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A Palestinian journalist loses another son in an Israeli strike, but vows to keep reporting

"The pain of losing someone is very difficult ," Al Jazeera's Gaza bureau chief Wael Dahdouh told NBC News. But, he vowed: "We are going to proceed as long as we are alive and breathing."
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In a makeshift funeral service on a packed sidewalk in southern Gaza, Wael Dahdouh fought back tears as he led a communal prayer over a body draped in a white burial shroud covered with a blue press jacket.

Dahdouh's 27-year-old son, Hamza Dahdouh, on Sunday became the latest Palestinian journalist killed in an Israeli airstrike, and the latest searing loss for the veteran reporter. Yet after joining mourners who wailed and prayed over the death of his son, the elder Dahdouh — Al Jazeera's Gaza bureau chief who has become a symbol for many during this war of both personal tragedy and defiant perseverance — vowed to continue his work.

“It is true that the pain of losing someone is very difficult and when it is about your eldest son after the death of the family, then it becomes even more difficult,” he told an NBC News crew in Gaza later Sunday, as he sat with grieving relatives to receive condolences.

“In the end, this does not change anything of reality, and will not change any of our decisions. We are going to proceed as long as we are alive and breathing. As long as we are able to do this duty and deliver this message,” Dahdouh said.

Addressing crowds who gathered to pay respects and bid farewell to his son, Dahdouh described Hamza as “chivalrous,” “tender” and “generous.” He comforted his daughter, who wept on his shoulder.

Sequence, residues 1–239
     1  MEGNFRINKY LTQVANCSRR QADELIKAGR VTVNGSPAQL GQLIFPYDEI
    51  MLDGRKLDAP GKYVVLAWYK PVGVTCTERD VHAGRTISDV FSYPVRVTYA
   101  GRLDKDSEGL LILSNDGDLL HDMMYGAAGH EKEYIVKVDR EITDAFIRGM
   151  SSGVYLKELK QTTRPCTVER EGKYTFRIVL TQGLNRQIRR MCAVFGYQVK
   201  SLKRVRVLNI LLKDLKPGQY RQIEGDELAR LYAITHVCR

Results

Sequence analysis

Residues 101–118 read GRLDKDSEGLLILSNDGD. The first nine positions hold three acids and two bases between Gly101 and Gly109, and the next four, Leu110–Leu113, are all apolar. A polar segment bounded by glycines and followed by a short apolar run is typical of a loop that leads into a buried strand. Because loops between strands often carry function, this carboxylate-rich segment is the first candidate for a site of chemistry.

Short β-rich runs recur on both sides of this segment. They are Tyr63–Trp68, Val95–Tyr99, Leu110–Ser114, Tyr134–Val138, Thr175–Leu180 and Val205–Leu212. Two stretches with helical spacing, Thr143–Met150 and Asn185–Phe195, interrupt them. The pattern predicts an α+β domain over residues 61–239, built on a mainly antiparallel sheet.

Dahdouh lost his wife, two other children and a grandson earlier in the war and was nearly killed himself.
Al Jazeera Gaza bureau chief Wael Dahdouh holds the hand of his son Hamza, who also worked for Al Jazeera and who was killed in an Israeli airstrike in Rafah in southern Gaza on Sunday. Hatem Ali / AP

Like his father, Hamza was an Al Jazeera journalist. He was killed alongside a colleague, Mustafa Thuraya, in a strike on their car in the southern city of Rafah on Sunday.

Their deaths drew calls for an independent investigation from the United Nations and outrage from press freedom groups. Israel has denied targeting journalists, and has said it works hard to avoid harming civilians as it battles Hamas.

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The Israel Defense Forces confirmed carrying out the strike, saying that it had targeted a “terrorist” in the vehicle.

“An IDF aircraft identified and struck a terrorist who operated an aircraft that posed a threat to IDF troops,” the IDF said in a statement. “We are aware of the reports that during the strike, two other suspects who were in the same vehicle as the terrorist were also hit.”

Asked by NBC News if the IDF had evidence to support its allegation that an individual in the vehicle was a terrorist, IDF spokesperson Daniel Hagari said the incident was “unfortunate” and an investigation was still ongoing.

“Every journalist that dies it’s unfortunate," he said.

“We understand they were putting a drone, using a drone. And using a drone in a war zone, it’s a problem. It looks like the terrorists,” Hagari said, adding that Hamas uses drones to collect intel on Israeli forces. “So we will investigate this incident and we will provide the data,” Hagari said.

Al Jazeera managing editor Mohamed Moawad told NBC News that Thuraya was a freelance drone operator, who was part of a convoy of journalists including Hamza. He said the duo were in the car on their way home from filming the aftermath of an airstrike when their vehicle was targeted by Israeli forces, adding that they were not flying a drone while driving back to Rafah.